Page 1089 - Week 04 - Tuesday, 8 April 2008

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be destroyed if the wrong decisions are made and the regulatory controls are too weak. We have much to lose, as Canadian farmers have testified. I support the bill today.

Debate interrupted in accordance with standing order 74 and the resumption of the debate made an order of the day for a later hour.

Sitting suspended from 12.31 to 2.30 pm.

Questions without notice

Economy—business confidence

MR SESELJA: My question is to the Chief Minister. Chief Minister, in answer to a question you were asked on 6 March 2008 about the performance of the ACT economy, you said that the confidence that business has in the ACT economy confirms that the prospects for the ACT economy are extremely good. The latest Hudson report, released last Thursday, found that ACT employer sentiment had fallen by 13.4 percentage points to a four-year low. Chief Minister, how do you explain this decline in employer sentiment?

MR STANHOPE: I thank the Leader of the Opposition for the question. The single greatest contributor to that particular fall in sentiment or confidence is the Liberal Party’s interest rate rises.

Mr Seselja: It didn’t come with a change of government.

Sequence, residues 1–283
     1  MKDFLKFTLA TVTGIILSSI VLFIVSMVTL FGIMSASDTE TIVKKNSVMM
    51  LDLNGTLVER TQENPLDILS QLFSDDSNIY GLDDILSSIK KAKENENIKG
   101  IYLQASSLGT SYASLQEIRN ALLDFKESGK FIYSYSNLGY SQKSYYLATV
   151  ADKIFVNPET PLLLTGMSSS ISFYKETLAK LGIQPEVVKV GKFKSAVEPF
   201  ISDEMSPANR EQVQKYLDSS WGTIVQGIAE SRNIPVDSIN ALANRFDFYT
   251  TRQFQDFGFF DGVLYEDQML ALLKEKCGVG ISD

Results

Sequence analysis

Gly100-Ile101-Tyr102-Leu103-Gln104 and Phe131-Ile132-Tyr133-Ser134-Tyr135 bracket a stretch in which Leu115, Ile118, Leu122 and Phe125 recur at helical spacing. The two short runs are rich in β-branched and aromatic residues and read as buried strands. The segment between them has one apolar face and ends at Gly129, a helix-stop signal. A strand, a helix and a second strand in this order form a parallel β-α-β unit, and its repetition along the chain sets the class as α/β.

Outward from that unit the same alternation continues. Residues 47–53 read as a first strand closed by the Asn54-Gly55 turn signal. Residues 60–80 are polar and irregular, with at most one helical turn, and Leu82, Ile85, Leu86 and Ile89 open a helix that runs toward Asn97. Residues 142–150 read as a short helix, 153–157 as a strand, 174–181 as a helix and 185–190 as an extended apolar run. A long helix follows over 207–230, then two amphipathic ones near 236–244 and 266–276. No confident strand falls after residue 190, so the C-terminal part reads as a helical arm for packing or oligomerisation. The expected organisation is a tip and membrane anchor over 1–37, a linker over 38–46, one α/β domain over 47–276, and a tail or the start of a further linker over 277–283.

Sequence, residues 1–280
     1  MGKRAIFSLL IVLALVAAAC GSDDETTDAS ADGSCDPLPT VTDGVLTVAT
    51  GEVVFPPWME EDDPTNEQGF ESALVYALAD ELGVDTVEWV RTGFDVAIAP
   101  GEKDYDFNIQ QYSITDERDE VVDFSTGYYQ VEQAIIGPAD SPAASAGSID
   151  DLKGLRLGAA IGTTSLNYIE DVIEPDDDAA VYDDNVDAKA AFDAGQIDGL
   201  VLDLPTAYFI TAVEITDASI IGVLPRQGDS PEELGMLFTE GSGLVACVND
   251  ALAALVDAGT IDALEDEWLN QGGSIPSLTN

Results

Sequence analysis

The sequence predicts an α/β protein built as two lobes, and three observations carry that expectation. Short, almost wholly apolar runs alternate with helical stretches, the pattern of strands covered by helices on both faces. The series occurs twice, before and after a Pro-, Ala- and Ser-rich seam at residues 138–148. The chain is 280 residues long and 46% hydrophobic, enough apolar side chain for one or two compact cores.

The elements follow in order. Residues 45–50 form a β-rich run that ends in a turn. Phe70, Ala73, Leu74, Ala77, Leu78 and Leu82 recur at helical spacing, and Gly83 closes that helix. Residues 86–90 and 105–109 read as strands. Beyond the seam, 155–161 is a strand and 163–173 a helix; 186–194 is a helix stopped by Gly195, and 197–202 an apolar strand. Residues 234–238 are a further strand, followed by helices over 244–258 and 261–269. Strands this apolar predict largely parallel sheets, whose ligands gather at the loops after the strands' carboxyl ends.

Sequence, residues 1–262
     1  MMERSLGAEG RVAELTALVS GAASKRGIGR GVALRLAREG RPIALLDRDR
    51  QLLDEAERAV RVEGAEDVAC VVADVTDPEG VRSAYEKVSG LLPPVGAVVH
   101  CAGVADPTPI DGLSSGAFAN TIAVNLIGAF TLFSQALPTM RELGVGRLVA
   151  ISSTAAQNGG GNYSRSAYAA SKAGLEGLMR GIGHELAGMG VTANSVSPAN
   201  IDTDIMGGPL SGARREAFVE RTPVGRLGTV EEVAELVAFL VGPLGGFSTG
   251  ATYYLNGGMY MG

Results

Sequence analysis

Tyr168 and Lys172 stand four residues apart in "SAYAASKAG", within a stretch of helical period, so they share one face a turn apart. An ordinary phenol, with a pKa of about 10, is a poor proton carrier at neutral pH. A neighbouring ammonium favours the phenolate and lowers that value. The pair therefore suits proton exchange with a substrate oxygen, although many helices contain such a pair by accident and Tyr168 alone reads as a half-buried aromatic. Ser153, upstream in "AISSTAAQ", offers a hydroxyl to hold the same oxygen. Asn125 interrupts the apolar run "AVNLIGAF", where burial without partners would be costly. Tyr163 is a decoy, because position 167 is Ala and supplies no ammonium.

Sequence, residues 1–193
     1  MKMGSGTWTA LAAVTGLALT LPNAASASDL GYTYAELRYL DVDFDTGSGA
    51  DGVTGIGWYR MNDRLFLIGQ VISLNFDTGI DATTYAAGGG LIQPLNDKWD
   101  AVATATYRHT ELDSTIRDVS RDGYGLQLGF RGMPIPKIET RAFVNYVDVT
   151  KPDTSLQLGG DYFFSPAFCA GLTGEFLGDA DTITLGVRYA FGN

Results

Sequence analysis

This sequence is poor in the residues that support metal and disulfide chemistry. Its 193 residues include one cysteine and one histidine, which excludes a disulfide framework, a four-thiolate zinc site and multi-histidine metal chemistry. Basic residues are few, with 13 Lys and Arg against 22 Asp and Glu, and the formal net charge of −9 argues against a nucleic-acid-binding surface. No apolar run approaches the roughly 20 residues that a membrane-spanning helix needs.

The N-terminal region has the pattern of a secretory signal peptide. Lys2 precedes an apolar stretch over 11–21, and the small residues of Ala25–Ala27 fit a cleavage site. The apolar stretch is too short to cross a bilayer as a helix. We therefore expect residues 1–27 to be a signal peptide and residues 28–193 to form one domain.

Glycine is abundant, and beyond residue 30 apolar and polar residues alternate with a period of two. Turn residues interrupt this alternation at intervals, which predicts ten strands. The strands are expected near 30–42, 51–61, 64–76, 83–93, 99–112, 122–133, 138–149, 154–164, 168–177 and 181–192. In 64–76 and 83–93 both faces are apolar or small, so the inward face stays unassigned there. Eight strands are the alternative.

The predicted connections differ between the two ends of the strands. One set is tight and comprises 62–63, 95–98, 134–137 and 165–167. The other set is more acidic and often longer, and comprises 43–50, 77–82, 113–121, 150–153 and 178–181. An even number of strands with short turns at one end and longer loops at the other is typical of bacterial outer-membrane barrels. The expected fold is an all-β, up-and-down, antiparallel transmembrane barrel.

MR STANHOPE: There is nobody—there is no economic commentator worth a crust—that would argue that the greatest issues facing businesses in Australia today are issues associated with the mismanagement of the economy by John Howard and Peter Costello—the eight successive interest rate rises that have been suffered over the last three years. Ask any economist worth a crust what is the most significant issue affecting confidence in the business community today. It comes straight back to inflation; it comes straight back to interest rate rises; it comes straight back to John Howard and Peter Costello and their legacy to Australia—the Howard-Costello legacy: runaway inflation and multiple serial interest rate rises.

That is the greatest contributor to business confidence and the most significant aspect of what we see reflected. I think that Hudson himself said that. Indeed, Peter Martin and commentators in the Canberra Times acknowledged that businesses—in the ACT most particularly—that have expressed a drop in confidence in the ACT, those businesses that have indicated that they were concerned, attributed that concern directly to the Howard-Costello interest rate rises. There is absolutely no doubt about that.

Whilst there has been a softening in issues around confidence, the ACT labour market remains completely solid. Net employment intentions as reflected by Hudson remain positive. Over one-third of all employers in the most recent Hudson report indicated that they were looking to employ more staff. One-third of those surveyed by Hudson said, “We intend to employ more staff.” Over half of all of the employers reflected in this Hudson report said that they are looking to maintain their existing staff levels. So

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